The week in the Kentucky Senate

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While we passed several important bills this week, my time was dominated with review of the House’s proposal, House Bill 265, for the state’s two-year budget. The plan will be roughly $9 billion per year or $18 billion total. In that, the Senate proposal carries about 6.58 percent authorized debt which is lower than the House’s proposal of 6.8 percent and even lower than the Governor’s proposal of 7.1 percent.

The Senate’s budget puts more money into the Rainy Day Fund and significantly lowers the state’s structural imbalance. Unlike the Governor’s proposal, we recognize that it is bad public policy to bond or restructure or borrow money to pay for current expenses. The Senate crafted a financially responsible budget that reflects what every family in the Commonwealth has had to face during the last several years – less money.

We needed to decide what was necessary as opposed to what would be nice to have. People decide between paying their mortgage or going on vacation, paying their utility bill or going to the movies. While the Senate budget provides for social services, education, public safety, and necessary infrastructure, we are mindful that we cannot afford some things that, while nice or even beneficial to have, are not ultimately critical. Of course, as the nation’s and our economies improve, we will continue to evaluate and review our revenues as compared to our needs.

The Senate passed Senate Bill 134 which would facilitate returning military who have a HVAC specialty to obtain certification in Kentucky. SB 134 allows a current or former member of the United States Armed Forces to qualify for a journeyman license if he or she has been trained as a journeyman by the military and actively served in that occupation during his or her military service. We are grateful to the men and women who serve and it is not just to make their transition back to civilian life more difficult.

The Senate also passed several other bills to lay the groundwork for a prosperous future. If you ask business-owners what kinds of things the government can do to help them, one of their top answers will be to tell government to get out of the way.  Senate Bill 4 applies a moratorium on administrative regulations as the Governor determines which regulations to keep in place, amended, or repealed altogether. The Governor can then reissue the regulations he deems important and these will go through the usual legislative review. The purpose of SB 4 is to rein in what many feel is out-of-control red-tape. We need to look at these regulations with fresh eyes and make sure they still have a constructive purpose.

By now, it is common knowledge that math and science skills are important to students as they prepare for either a vocational track or college and future jobs. Senate Bill 11 will provide financial incentives to teachers, based on student achievement on Advanced Placement (AP) or International Baccalaureate (IB) tests in advanced science and mathematics. AdvanceKentucky, a private-public educational partnership, has similar programs in many of our public high schools and has experienced wild success as students score well enough to obtain college credit, saving both them and their parents’ money. In 2010, AdvanceKentucky high schools represented a 53 percent increase in math/science/English AP qualifying scores (3 or above) above 2009. Qualifying scores among low-income students went up 109 percent. This is an investment in our future.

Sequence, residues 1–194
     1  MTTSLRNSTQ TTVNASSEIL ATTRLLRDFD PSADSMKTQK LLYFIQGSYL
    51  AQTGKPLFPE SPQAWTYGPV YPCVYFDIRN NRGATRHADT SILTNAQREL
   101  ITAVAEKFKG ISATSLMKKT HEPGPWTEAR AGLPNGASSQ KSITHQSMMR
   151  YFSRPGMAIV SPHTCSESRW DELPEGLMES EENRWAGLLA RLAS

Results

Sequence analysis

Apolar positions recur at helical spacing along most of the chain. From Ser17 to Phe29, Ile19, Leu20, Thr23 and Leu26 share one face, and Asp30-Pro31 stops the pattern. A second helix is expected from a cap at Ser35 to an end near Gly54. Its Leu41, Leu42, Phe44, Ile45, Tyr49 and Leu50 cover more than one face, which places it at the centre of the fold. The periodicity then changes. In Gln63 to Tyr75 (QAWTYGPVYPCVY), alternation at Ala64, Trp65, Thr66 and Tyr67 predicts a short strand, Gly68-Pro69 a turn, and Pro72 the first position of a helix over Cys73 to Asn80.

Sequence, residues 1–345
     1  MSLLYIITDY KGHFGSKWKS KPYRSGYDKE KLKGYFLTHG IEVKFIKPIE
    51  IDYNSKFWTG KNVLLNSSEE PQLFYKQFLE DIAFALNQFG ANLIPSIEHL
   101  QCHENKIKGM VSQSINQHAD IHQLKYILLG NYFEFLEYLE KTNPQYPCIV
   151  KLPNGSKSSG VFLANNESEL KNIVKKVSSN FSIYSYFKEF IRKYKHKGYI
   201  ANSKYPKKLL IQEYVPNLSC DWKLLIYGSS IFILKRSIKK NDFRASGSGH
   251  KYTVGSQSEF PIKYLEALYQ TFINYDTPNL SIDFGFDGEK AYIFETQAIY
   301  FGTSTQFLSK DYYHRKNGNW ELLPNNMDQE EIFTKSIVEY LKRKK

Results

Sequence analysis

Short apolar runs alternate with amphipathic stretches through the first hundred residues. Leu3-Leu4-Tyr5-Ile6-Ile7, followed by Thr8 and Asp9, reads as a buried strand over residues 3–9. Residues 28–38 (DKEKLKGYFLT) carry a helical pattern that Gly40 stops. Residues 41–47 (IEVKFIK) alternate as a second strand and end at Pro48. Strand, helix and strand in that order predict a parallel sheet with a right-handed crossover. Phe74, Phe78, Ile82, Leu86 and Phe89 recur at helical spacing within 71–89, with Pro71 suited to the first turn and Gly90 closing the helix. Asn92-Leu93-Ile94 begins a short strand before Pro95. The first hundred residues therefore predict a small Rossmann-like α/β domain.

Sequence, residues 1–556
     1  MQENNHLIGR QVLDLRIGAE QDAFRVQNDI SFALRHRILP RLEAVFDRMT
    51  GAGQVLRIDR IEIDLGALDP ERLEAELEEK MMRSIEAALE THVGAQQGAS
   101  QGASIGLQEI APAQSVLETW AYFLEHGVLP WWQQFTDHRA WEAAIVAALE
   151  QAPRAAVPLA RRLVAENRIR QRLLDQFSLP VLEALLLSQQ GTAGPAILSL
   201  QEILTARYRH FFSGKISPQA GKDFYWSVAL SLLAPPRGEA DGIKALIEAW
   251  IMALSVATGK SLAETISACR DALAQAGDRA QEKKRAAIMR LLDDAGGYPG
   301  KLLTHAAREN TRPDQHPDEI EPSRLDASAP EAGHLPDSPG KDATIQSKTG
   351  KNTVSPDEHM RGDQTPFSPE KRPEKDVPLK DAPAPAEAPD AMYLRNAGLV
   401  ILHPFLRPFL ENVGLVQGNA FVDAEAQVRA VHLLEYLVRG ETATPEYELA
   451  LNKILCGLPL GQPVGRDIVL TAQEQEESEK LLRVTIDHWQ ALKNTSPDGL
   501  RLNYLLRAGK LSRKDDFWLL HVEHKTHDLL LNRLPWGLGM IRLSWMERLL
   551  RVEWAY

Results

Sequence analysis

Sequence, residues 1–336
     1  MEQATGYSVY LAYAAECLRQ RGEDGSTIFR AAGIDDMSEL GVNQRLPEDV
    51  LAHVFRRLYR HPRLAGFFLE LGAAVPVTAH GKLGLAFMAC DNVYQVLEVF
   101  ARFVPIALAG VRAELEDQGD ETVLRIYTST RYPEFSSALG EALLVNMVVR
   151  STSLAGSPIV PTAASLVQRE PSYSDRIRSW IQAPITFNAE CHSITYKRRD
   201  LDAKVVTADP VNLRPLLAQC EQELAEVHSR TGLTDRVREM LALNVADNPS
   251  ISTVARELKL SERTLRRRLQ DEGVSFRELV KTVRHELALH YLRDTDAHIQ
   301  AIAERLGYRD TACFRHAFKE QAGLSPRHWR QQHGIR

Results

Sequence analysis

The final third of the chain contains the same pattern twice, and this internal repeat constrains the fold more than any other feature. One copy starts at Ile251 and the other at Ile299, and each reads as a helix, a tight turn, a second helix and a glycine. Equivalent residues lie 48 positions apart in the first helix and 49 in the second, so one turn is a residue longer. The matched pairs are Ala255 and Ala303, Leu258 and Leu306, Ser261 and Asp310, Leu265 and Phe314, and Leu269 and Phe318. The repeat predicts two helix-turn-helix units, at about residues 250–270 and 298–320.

We also must continue to be conservative and frugal with the state funds (your tax-dollars) we do have. Senate Bill 118 will require all applicants for public benefits to either present a legitimate document verifying United States citizenship or submitting an affidavit verifying legal residency here. These are your tax funds, and you should have the assurance that they benefit U.S. citizens.

Finally, the Senate passed Senate Bill 213 which provides transitional living support for young people who have aged out of the foster care system but still feel that they need a support system.  A youth may choose, before they are 19, to extend or reinstate his or her commitment to the Cabinet of Health and Family Services to the age of 21. This means that the children will continue to be eligible for educational, residential, and psychological support to help ensure they will grow into productive members of society.

Next week, we will be entering in a conference committee with the House to hammer out differences in our budget proposals. As Chairman of the Transportation Committee, I have been working for several weeks on the state’s road plan. The Senate will be voting on the plan next week.

There is still time to call me with any questions or concerns about pending legislation. I can be reached toll-free at 1-800-372-7181. We are on the World Wide Web at www.lrc.ky.gov.  

Senator Ernie Harris (R-Crestwood) is the Chairman of the Transportation Committee.  He also serves on the Appropriations and Revenue Committee, the Budget Review Subcommittee on General Government, the Budget Review Subcommittee on Transportation, the Economic Development, Tourism, and Labor Committee, and the Natural Resources and Energy Committee.  He represents the 26th District including Carroll, Henry, Oldham, and Trimble counties as well as a portion of Jefferson County.  For a high-resolution .jpeg of Senator Harris, please log onto www.lrc.state.ky.us/pubinfo/ephoto.htm.